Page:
Suspects Can't Evade Social Media's Dragnet
Consider this. The FBI used social media on Thursday afternoon, asking people to share photos of two suspects in the Boston Marathon bombings. That a federal law enforcement agency turned to Facebook and Twitter to broadcast images and look to these mediums for new leads in the case is a testament itself to the power of new media.
But just a few hours after releasing those images, the suspects were involved in a string of incidents that lead to one of them being killed and the other going on the lam. Within 12 hours of the FBI employing social media’s power of sharing information, the investigation went into overdrive and at the time of this writing is still an ongoing manhunt for the second suspect. Some law enforcement officials are crediting social media with rooting out these individuals, driving them from their hiding spots and out into the open where they would slip up and identify themselves.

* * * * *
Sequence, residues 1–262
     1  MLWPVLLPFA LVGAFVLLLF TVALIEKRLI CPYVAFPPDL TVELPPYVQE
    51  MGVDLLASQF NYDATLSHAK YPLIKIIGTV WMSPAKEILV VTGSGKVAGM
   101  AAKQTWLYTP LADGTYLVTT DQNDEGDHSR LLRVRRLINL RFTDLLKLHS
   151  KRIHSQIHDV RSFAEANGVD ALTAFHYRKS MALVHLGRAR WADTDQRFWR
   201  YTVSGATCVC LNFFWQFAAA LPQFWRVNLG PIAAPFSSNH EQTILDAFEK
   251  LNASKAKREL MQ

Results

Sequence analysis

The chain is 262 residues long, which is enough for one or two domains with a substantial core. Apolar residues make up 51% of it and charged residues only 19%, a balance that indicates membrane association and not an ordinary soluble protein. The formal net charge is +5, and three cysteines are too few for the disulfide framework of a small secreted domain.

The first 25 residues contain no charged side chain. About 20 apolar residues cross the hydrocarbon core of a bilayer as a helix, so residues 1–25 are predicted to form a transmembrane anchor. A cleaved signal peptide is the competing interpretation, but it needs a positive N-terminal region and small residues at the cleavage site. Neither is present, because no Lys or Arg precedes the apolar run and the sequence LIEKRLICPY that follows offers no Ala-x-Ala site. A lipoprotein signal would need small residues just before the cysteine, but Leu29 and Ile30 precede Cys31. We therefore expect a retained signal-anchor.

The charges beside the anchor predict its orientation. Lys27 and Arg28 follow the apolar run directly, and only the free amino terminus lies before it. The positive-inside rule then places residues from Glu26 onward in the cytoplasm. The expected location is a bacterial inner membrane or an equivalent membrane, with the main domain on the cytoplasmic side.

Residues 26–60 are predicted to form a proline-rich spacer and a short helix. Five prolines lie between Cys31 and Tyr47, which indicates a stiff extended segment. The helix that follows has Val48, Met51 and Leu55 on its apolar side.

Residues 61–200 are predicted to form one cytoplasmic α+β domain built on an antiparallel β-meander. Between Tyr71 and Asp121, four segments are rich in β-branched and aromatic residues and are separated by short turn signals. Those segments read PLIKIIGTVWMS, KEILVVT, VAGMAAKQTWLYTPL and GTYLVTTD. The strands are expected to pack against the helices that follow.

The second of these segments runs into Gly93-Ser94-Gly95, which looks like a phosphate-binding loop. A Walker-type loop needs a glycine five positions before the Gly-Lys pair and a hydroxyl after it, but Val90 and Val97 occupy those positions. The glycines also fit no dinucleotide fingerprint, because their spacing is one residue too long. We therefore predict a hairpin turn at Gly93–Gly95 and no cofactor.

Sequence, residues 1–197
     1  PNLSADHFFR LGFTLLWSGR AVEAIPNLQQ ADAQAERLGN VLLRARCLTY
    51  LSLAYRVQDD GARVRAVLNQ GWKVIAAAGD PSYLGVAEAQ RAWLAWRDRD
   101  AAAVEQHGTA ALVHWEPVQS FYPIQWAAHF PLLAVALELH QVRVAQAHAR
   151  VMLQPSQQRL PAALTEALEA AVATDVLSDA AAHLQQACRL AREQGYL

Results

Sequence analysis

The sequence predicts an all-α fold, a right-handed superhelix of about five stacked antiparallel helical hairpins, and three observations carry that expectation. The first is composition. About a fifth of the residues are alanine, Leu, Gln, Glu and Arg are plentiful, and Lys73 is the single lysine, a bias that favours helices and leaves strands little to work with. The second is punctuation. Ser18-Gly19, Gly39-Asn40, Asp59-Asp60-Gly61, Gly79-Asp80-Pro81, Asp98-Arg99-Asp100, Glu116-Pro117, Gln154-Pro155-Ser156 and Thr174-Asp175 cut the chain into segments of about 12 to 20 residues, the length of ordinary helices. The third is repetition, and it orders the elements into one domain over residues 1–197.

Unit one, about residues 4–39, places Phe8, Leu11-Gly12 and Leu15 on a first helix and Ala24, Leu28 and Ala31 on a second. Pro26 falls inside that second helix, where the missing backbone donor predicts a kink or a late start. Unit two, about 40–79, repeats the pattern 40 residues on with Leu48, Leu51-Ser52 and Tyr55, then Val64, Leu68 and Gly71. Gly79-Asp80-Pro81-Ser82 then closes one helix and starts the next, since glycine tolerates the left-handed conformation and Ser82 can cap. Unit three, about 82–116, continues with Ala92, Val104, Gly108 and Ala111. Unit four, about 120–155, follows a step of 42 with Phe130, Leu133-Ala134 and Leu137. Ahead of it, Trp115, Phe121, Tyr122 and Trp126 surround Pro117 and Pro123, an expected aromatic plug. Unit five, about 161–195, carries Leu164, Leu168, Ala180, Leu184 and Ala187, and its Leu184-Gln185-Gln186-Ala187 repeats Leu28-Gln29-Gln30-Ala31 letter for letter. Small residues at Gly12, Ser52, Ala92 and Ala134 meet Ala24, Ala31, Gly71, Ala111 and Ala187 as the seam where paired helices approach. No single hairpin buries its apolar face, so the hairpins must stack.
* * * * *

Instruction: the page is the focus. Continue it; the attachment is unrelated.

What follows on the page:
On Friday, social media was not only a vehicle for helping law enforcement identify the suspects, but also as a reporting mechanism, as Twitter beat CNN and the other major local and national news outlets on reporting that police and the suspects were engaged in a gun battle in Watertown, Mass.
MIT professor and reporter Seth Mnookin tweeted at 12:46 a.m. EST, “Shots fired at officers in Watertown.” Then later in the day Facebook and Twitter were used by people to share information, including the license plate number of two vehicles being sought in connection with the ongoing manhunt. One of the vehicles was located within an hour. Twitter was the most powerful of the two tools with hashtags #bostonbombings, #bostonstrong and #manhunt being used to focus the tweets on the particular incident for others to follow and share.
The speed and velocity of which social media fueled investigators’ efforts also led to it hindering the process, as the Boston Police Department asked people not to tweet the location of houses they were searching as they looked for the at-large suspect, fearing it would allow him the opportunity to stay one step ahead of them if he were watching his Twitter feed, which rocketed to 28,000 followers once Dzhokhar Tsarnaev was named a suspect.
The case can be made for and against social media, but it’s hard to see this incident as a negative, as social media was used as a communications mechanism that no doubt kept people informed of the unfolding situation and safe from harm.
Did you use social media to follow the manhunt?